Raanan Shaked, a Yediot Magazine columnist, usually sticks to bitter-sweet satires of middle class Israeli family life. The past few weeks seem to have pushed him over the edge:

When do you realize that fascism — an overused word, so let’s use it — has already finished knocking on the door and then breaking it down, and is now sitting in your country with its feet on the table and treating some of its residents as a light snack?  Perhaps when extreme right wing hooligans march down Ibn Gvirol Street in Tel Aviv, curse and attack people sitting in cafés who have not done anything to them except for sitting there, as happened on Saturday two weeks ago? 
Perhaps it is when MK Anastasia Michaeli takes time off between births to lunge like an irritable anaconda that has spotted a mouse in the grass at MK Hanin Zuabi in an attempt to throttle her microphone with her bare hands, and then says: “I have a right to say… she has no right to speak” — this, incidentally, being the precise definition of democracy in the Yisrael Beiteinu dictionary?

It’s a well done column and, although some readers may be baffled by all the colloquial references, worth reading in full for a sense of the current public atmosphere in Israel.
The cartoon captions (see the column for an explanation for many of them) read: (1) A Real Israeli doesn’t dodge IDF conscription! (2) I’m a deputy battalion commander in the paratroops; (3) A Real Israeli doesn’t sit in cafés on Ibn Gavirol [a Tel-Aviv boulevard]! (4) A Real Israeli doesn’t order Pixies tickets! (5) A Real Israeli is a fan of Beitar Jerusalem [football club], listens to Amir Benayun and venerates [MK] Anastasia Michaeli.

Who are you calling a fascist
Israel can’t turn into a fascist state — it lacks a dictator — but that won’t stop it from trying
Raanan Shaked, Yediot Friday Magazine, June 18 2010 [Hebrew original here and at bottom of post]

Limor Livnat is one of the women — all right, I take that back; Limor Livnat is one of the men currently leading the broad political movement, in which Israeli politicians get up in the morning, and before taking their current backbone out of a glass, wet their finger, hold it outside the window, see where the wind is blowing — and it is always blowing hard to the right — and then go outside to bark with everyone in the desired direction and piss on the other side’s head.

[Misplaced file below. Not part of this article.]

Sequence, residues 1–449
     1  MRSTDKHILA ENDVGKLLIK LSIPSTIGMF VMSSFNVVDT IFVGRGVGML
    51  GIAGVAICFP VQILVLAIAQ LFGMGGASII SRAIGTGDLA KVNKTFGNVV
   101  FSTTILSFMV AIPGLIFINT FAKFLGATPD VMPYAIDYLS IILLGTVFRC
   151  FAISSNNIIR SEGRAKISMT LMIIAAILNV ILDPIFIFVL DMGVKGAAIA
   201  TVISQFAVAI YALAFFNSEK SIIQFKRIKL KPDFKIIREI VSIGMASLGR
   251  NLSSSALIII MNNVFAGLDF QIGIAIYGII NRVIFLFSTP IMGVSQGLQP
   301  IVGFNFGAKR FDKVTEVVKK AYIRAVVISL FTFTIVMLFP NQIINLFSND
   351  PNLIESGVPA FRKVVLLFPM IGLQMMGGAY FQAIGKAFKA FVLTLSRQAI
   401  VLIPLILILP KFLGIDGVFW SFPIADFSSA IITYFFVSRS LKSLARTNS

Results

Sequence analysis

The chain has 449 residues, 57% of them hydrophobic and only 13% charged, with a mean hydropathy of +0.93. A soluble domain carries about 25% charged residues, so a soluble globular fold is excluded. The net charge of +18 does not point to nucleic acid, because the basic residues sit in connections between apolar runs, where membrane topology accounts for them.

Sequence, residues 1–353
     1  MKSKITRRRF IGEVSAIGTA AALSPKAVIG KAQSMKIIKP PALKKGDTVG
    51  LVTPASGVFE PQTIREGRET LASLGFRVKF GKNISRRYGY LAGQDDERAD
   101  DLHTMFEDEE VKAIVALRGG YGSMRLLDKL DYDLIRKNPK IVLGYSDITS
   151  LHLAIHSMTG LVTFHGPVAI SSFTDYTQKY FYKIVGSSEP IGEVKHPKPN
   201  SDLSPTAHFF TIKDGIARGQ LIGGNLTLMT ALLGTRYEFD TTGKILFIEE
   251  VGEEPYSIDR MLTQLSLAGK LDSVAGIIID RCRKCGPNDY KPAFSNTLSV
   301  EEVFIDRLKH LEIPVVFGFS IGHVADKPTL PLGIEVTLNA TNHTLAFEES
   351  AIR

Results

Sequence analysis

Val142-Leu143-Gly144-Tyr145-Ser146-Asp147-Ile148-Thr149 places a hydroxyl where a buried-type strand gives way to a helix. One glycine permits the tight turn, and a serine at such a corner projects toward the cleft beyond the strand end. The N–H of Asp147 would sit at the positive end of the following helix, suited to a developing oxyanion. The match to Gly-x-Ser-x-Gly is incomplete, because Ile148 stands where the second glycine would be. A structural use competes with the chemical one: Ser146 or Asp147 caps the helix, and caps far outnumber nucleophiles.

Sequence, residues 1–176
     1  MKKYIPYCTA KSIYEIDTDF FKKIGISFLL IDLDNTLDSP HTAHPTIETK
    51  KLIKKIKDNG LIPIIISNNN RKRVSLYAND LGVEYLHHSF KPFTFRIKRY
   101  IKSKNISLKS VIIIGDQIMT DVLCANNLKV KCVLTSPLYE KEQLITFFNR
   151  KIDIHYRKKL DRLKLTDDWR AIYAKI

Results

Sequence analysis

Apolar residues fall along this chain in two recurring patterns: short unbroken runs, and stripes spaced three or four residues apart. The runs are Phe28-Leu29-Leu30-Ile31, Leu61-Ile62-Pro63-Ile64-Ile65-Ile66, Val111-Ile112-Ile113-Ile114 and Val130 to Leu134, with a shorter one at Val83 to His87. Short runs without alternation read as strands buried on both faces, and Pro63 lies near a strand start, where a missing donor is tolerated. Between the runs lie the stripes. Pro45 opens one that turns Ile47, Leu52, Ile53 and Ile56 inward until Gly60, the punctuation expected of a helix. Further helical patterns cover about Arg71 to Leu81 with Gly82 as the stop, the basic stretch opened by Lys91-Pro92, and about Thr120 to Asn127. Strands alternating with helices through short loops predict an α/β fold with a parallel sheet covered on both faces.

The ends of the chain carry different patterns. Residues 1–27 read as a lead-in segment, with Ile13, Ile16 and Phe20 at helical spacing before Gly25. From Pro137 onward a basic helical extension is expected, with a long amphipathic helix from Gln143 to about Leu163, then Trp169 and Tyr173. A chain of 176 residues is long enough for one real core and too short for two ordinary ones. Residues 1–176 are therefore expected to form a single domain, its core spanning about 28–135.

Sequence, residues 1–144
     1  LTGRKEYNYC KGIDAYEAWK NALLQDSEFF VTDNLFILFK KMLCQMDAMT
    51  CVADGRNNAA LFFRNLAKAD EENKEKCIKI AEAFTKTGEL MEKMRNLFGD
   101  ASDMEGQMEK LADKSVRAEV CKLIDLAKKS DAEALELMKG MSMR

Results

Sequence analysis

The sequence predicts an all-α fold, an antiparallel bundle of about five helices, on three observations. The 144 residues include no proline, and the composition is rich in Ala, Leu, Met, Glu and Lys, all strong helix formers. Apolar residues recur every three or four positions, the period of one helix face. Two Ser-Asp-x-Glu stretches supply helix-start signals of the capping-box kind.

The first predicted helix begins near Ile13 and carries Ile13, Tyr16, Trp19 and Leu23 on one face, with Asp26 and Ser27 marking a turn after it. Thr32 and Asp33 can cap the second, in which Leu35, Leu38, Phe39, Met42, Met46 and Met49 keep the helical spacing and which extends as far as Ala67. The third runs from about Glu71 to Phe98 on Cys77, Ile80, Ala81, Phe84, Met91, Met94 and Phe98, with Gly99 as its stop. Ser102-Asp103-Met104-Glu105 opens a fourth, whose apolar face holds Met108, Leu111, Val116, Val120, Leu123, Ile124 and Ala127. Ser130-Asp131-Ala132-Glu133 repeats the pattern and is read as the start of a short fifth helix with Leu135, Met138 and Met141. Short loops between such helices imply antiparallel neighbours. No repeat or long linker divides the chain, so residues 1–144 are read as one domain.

Limor Livnat is the person who initiated last week’s historical reunion performance by Rita, Sarit Hadad, Shlomo Artzi, Dana International and Eyal Golan, which is supposed to compensate me for the cancelled performances of the Pixies and Elvis Costello in Israel.  Thank you, Limor, really.  What do I need Elvis Costello and the Pixies — dangerous people who contend, apparently under the influence of drugs, that Israel is imposing a siege on Gaza — when I have the great art of Sarit Hadad, as it peaked in her song, “I’m standing in the street and my heart is wet and sweet”?
What has Costello done already that Eyal Golan did not do before him, and better, including Ilanit Levy?  What have these Pixies contributed to the world that Dana International did not contribute?  Come on, you are looking at a Eurovision winner here!  Have these Pixies ever won anything in their lives except for a bloated liver?
Moreover, as someone wrote last week, and I pray to his God that he was not serious [reference to column by Hanoch Daum]: “Who needs performances in the park when people from Or Akiva win a million shekels and Marina [a star of in the Israeli version Survivor] dances in a bikini in 3-D on prime time television?”  In other words: If the world turns its back on us, at least Marina will show us her behind.

When do you wake up and realize that your bed is located in a country that you don’t recognize?  When are you awake enough to start thinking seriously about leaving, because you really don’t want to remain the last sane Jew among millions of Haredim — in black or orange; patriots — the Israeli euphemism for hotheads; and online commenters — the updated name for surplus and second-rate goods? 

When do you understand that your children are more important than you, and you are incapable of placing them indifferently on the doorstep of the violent Israeli education system and waiting for them on the other side — the day of the discharge from the IDF — with the hope that there will be something left of them that you will recognize?


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